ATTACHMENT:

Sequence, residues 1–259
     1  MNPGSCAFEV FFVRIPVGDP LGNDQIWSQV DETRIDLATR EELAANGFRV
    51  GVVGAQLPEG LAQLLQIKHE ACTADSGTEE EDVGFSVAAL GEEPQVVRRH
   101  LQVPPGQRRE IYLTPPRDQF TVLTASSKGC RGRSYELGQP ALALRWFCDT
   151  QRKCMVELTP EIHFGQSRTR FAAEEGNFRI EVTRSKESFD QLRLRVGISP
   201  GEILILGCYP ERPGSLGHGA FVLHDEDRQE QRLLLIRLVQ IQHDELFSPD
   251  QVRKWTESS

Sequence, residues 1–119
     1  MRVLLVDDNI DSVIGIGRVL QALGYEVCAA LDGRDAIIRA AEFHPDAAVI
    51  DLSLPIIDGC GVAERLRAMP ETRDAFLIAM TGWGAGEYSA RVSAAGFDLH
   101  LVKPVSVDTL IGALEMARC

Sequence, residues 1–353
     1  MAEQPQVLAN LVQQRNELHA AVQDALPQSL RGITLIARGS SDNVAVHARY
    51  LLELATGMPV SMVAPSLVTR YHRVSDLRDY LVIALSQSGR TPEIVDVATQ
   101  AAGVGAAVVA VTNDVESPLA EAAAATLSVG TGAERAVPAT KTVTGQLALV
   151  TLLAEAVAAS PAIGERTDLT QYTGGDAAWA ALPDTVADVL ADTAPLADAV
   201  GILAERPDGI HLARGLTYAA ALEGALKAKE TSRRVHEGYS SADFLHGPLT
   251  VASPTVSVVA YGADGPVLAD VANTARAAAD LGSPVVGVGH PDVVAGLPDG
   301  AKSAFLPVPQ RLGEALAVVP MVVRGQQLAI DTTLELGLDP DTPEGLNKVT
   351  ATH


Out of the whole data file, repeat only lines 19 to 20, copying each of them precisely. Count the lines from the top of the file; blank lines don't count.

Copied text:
   301  AKSAFLPVPQ RLGEALAVVP MVVRGQQLAI DTTLELGLDP DTPEGLNKVT
   351  ATH